I asked Andy what he thought about the attempted airplane bombing and he said that with family visiting, he’d fallen behind on the news, which I assured him was fine, seeing as how even the Prez is on vacation. But he had seen a short blurb about it on TV, and when he expressed interest, his tenant, who was over for dinner, asked how it affected him.

Well, aside from Joe Lieberman, who Andy calls the senator from Israel, calling for a pre-emptive strike against Yemen — yes, that worked so well in Afghanistan after 9-11, now didn’t it — it also means tougher TS rules that will serve to make flying even more hellish, at least internationally, as airlines attempt to crack down on crotch bombs:

1. Perform thorough pat-down of all passengers at boarding gate prior to boarding, concentrating on upper legs and torso. 
2. Physically inspect 100 percent of all passenger accessible property at the boarding gate prior to boarding, with focus on syringes being transported along with powders and/or liquids.

As for in-flight:

2. Passenger access to carry-on baggage is prohibited beginning 1 hour prior to arrival at destination. 5. Passengers may not have any blankets, pillows, or personal belongings on the lap beginning 1 hour prior to arrival at destination.

Meanwhile, the guy had bought a one-way ticket with cash, was traveling without luggage and his father had warned U.S. officials about his son’s increasing radicalism. Something’s not quite right here — aside from the fact that he chose a flight to Detroit. I mean, what was he thinking? Americans don’t give a damn about Motown anymore.

In other news, the Associated Press is reporting that more states are looking at liberalizing their marijuana laws, in part because they're finally starting to realize there's money in it:

"Our state is facing a huge financial deficit and deficits are projected for a few more years," Washington state Rep. Mary Lou] Dickerson said, referring to the projected $2.6 billion hole lawmakers will need to fill next year. "We need to look at revenue and see what might be possible."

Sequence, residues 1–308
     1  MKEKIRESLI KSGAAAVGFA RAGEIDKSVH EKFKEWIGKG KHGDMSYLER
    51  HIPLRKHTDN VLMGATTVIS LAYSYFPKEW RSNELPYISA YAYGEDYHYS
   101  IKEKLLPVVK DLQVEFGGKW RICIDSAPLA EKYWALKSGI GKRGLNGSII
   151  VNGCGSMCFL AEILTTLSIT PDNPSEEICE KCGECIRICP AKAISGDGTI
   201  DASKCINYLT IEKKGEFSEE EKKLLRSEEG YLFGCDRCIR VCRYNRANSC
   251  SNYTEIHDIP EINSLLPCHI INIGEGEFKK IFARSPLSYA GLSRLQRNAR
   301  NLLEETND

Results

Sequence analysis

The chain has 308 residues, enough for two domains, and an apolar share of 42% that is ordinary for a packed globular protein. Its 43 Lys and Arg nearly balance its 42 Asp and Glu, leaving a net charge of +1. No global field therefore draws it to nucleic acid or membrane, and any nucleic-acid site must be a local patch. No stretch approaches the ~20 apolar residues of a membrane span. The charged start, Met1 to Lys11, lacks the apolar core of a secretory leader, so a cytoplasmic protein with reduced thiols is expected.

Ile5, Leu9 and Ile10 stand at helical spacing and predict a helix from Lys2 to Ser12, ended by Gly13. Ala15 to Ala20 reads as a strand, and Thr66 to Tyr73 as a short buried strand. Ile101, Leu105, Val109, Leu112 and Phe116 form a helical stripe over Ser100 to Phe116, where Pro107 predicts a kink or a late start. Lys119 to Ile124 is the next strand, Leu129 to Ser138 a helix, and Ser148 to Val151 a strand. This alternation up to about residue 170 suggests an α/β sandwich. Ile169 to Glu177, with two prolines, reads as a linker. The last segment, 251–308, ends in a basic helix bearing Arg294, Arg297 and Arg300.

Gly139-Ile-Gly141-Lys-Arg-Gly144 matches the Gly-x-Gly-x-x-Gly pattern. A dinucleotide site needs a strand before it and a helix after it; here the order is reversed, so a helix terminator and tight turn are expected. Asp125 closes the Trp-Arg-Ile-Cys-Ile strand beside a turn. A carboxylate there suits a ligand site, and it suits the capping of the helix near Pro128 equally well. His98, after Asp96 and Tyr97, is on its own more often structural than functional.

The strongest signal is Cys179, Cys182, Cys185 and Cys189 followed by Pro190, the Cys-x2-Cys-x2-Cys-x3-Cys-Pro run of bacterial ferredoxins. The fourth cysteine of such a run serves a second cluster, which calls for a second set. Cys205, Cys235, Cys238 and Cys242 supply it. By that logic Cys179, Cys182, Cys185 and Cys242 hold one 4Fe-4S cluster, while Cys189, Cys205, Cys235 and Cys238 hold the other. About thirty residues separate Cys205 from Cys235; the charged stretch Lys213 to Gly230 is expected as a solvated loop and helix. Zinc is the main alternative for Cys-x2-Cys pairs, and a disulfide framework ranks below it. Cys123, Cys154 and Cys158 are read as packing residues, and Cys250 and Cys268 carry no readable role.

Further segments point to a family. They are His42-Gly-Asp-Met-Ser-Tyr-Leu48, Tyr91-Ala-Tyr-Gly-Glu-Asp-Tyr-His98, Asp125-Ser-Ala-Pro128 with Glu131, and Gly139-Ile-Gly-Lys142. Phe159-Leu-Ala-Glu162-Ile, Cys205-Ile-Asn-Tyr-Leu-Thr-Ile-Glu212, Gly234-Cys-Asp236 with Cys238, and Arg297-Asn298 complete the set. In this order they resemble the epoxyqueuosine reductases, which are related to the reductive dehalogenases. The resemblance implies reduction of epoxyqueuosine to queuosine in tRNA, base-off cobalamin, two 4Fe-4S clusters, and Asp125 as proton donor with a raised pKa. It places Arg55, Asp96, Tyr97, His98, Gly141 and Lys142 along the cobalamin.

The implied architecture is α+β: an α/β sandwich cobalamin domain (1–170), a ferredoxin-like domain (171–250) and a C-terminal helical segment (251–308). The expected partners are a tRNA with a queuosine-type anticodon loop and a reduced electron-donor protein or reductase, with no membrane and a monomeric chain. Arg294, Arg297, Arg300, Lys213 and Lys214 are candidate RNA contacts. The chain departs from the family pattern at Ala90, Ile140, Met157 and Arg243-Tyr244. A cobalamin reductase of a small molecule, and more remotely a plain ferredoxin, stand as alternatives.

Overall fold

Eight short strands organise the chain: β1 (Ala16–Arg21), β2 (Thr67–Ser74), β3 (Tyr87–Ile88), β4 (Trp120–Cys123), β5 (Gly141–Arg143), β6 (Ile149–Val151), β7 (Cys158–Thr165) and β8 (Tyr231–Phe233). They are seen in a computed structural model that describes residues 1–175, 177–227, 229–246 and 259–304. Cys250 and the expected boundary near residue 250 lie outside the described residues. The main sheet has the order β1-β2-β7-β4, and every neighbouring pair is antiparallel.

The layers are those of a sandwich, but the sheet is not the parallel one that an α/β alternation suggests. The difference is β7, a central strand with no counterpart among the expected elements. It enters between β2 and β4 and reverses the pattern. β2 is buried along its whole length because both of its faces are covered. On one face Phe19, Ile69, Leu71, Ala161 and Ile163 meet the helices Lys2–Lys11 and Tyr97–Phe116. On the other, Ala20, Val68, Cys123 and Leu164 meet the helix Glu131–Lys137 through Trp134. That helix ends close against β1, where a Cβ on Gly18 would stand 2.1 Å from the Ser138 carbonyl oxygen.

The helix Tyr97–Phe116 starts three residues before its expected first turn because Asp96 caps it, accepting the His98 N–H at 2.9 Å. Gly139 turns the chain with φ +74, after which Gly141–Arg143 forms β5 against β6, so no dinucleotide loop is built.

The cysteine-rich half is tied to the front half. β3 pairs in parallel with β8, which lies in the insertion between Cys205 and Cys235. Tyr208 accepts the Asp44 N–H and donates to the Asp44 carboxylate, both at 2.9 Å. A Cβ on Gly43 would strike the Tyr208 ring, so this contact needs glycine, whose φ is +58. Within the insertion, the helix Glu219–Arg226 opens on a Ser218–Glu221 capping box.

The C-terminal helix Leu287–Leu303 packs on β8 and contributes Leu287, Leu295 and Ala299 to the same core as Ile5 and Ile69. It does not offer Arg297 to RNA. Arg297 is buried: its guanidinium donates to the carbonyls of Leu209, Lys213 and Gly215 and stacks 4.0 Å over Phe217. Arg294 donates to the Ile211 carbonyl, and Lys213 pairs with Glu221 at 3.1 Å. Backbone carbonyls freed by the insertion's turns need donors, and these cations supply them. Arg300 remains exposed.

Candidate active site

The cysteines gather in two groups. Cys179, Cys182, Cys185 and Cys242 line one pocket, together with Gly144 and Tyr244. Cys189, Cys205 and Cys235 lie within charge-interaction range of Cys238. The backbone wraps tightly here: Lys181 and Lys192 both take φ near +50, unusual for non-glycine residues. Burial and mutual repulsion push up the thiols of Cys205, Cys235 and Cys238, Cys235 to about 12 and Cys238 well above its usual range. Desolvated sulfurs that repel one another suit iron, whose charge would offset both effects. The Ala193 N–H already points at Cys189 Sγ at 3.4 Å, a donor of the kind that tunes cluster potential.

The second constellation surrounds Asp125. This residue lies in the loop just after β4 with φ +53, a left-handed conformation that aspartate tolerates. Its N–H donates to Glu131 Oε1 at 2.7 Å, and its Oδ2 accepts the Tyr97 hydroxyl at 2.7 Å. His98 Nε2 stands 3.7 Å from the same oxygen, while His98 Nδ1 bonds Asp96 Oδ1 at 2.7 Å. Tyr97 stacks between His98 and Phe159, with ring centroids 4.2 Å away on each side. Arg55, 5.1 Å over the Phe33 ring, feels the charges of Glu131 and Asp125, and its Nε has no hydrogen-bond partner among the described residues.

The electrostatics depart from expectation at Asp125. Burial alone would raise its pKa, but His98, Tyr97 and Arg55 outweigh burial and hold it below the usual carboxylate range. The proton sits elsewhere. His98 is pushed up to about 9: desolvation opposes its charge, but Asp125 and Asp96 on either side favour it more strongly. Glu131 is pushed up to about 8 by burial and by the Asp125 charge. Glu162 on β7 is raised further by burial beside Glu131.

Still, some hard-liners remain adamantly opposed to any truce in the war on drugs:

"There's no upside to it in any manner other than for those people who want to smoke pot," said Travis Kuykendall, head of the West Texas High Intensity Drug-Trafficking Area office in El Paso, Texas. "There's nothing for society in it, there's nothing good for the country in it, there's nothing for the good of the economy in it."

Yet Portugal, which has decriminalized drugs, has proven folks like Kuykendall wrong. As Glenn Greenwald reported in

Evaluating the policy strictly from an empirical perspective, decriminalization has been an unquestionable success, leading to improvements in virtually every relevant category and enabling Portugal to manage drug-related problems (and drug usage rates) far better than most Western nations that continue to treat adult drug consumption as a criminal offense.

Perhaps, as a NORML rep noted, we are finally reaching the “tipping point” in public opinion that will lead to some meaningful changes in how we deal with this extremely widespread issue.

Sunday, December 27, 2009

Musings: Rewriting History

The landscaped was subdued, a palette of muted colors in hues of gray and blue, when Koko and I set out walking this morning. Waialeale was clear, crowned with just the softest brush of clouds, which soon turned pink and stained the entire makai side of the mountain rosy.

I’d just run into my neighbor Andy, who was mugged by an enthusiastic Koko, and we remarked how rarely we observed Kawaikini, even though it’s the tallest peak, because no mountain does seem bigger than Waialeale.

And then we turned and found ourselves eyeball to eyeball with a giant hot pink orb that was, of course, the sun, its fieriness greatly tempered by the haze in much the same way that the year-end dead zone known as “the holidays” has a dulling effect on humans.

The conditions appeared favorable for a beach excursion this morning, and I told Andy I’d headed up to Lumahai yesterday for a long walk on that beautiful beach, where the light shafts penetrated clouds of drifting ehu kai and crabs excavated white sand that was left in small conical piles atop the dark green of wet olivine.

Andy said he hadn’t walked on that beach since the 1960s, and I said it was one of my favorites, in part because it is one of the few with no houses along it. So you can walk there without getting cross over a stupid monstrosity that someone is building or taking note of violations that should be reported. In other words, you can actually still fully enjoy the beach.